Is Mormonism a Cult? 3 Richard Mouw’s “Marks of a Cult”
One of the things that has prompted this question is the controversial apology given by Richard Mouw, president of Fuller Theological Seminary at the Salt Lake Tabernacle in Nov. 2004. We will come on to the apology presently. Richard Mouw said in 2004,
“For the past dozen years, I’ve been co-chairing, with Professor Robert Millet of Brigham Young University – the respected Mormon school - a behind-closed-doors dialogue between about a dozen evangelicals and an equal number of our Mormon counterparts.”
In defending Mormonism against the charge professor Mouw identifies four things that show Mormonism is not a cult and argues that the dialogue he describes shows these four things not to be true of Mormonism.
“Religious cults are very much us-versus-them.”
It is true that, traditionally, cults stand apart from the church as defined in the previous post. Professor Maouw clearly thinks that “open” dialogue marks a departure from this traditional stance thereby disqualifying Mormonism from being a cult.
But Mormonism is not a cult because it doesn’t altogether stand apart. Many groups stand apart, unfortunately, but still belong to the broad category of church because they stand in the traditions and culture of historical Christianity. Mormonism does not and has historically prided itself in that fact. The words of the seminal Mormon text, the Book of Mormon, understood to be describing our own day in prophecy, shows as much,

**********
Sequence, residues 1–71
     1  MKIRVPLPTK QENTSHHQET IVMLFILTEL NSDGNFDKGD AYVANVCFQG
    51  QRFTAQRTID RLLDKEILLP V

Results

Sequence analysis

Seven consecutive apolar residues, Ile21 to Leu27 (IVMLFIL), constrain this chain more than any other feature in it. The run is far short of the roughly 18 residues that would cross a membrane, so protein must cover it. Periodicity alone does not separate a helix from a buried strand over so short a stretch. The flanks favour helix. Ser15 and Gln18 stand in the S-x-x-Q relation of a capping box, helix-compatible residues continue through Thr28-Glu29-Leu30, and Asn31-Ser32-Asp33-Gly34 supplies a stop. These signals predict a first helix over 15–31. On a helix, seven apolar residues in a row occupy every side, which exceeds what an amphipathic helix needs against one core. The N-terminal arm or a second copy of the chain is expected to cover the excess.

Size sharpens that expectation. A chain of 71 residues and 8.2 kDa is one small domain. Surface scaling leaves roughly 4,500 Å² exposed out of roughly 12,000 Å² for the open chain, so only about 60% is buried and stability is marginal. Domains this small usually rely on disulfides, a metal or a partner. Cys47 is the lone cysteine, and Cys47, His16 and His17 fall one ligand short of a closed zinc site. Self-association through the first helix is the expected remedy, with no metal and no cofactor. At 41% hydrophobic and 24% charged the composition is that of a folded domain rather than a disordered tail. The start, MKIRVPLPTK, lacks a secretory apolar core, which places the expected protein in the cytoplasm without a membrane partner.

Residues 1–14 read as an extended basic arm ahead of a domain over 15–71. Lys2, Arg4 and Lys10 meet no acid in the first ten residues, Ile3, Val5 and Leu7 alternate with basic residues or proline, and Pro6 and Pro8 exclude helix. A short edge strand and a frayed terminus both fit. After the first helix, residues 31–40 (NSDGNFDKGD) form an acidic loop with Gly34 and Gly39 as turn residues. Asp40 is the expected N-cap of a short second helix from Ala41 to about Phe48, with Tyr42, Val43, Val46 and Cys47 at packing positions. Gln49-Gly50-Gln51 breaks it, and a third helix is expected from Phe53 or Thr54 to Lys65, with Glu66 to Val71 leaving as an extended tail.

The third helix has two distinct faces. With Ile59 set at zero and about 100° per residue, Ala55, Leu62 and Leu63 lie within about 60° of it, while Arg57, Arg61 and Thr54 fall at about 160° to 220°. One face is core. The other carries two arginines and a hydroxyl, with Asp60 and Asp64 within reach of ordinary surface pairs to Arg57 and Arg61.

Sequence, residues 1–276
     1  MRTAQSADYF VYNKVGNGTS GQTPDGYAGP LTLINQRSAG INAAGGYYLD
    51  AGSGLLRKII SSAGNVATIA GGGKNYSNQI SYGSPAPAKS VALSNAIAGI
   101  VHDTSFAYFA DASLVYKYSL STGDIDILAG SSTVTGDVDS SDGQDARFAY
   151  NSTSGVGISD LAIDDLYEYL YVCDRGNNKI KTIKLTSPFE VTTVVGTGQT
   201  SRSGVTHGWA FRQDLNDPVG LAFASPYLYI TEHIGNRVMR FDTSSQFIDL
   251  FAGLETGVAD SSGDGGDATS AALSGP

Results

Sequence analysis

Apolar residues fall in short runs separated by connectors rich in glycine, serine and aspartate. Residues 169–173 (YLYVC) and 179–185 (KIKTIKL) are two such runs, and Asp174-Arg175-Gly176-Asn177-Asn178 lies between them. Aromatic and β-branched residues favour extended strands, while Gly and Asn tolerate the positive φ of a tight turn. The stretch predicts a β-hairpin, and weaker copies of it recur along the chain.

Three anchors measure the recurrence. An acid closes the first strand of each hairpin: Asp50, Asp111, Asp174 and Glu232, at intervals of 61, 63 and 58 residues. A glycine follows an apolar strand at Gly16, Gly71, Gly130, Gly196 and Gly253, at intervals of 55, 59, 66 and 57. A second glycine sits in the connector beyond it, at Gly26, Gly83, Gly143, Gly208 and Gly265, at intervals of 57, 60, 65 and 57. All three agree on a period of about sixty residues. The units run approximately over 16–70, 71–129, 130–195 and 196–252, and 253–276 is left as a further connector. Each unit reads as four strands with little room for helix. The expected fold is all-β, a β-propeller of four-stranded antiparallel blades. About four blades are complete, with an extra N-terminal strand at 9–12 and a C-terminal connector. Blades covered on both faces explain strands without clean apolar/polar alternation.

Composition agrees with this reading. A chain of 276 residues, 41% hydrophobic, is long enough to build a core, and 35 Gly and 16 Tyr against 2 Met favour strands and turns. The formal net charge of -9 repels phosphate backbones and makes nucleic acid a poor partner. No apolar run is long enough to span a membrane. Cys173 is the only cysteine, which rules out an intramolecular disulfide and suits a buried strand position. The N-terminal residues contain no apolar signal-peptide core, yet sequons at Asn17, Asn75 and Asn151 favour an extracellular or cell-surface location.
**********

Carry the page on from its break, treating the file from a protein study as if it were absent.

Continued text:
“Behold there are save two churches only; the one is the church of the Lamb of God, and the other is the church of the devil; wherefore, whoso belongeth not to the church of the Lamb of God belongeth to that great church, which is the mother of abominations; and she is the whore of all the earth.” (1 Nephi 14:10)
There is a strong and clear us-versus-them attitude in Mormonism so perhaps there is another explanation for the dialogue described by Professor Mouw.
2 The only ones with divine approval:
“Their adherents are taught to think that they are the only ones who benefit from divine approval.”
Again, dialogue seems to suggest a respect among Mormons for other churches, an acceptance that they have truth too. This, he suggests, is another reason for not categorising Mormonism among the cults.
Clearly, he has never read Joseph Smith's claim that all other churches “were all wrong, their creeds were an abomination in his sight, that those professors were corrupt.” (JSH 1:19)
Or heard a typical Mormon testimony that the Mormon Church is “the only true church on earth today.” I wonder has he considered the implications of Mormon missionaries’ taking this exclusivist message to his neighbours even as he dialogues with Mormon academics.
Mormonism brings a message of exclusivity to our neighbours every day so why would they dialogue with leaders of other churches?
“They don’t like to engage in serious, respectful give-and-take dialogue with people with whom they disagree. Nor do they promote the kind of scholarship that works alongside others in pursuing the truth.”
Well, it has to be admitted that in any engagement with Mormons there is indeed give-and-take after a fashion. But it is worth asking who is doing the giving and who the taking? And what is their purpose in dialogue? Is it the discovery of common ground? We will come on to that.
There certainly is such a thing as scholarship associated with Mormons but whether it works alongside others in pursuing the truth is seriously questionable.
The late Karl Sandberg, a lifelong Mormon and a French professor (emeritus) at Macalester College, shortly before his death at 69 in 2000 wrote a piece entitled Whither Mormon Scholarship? He wrote: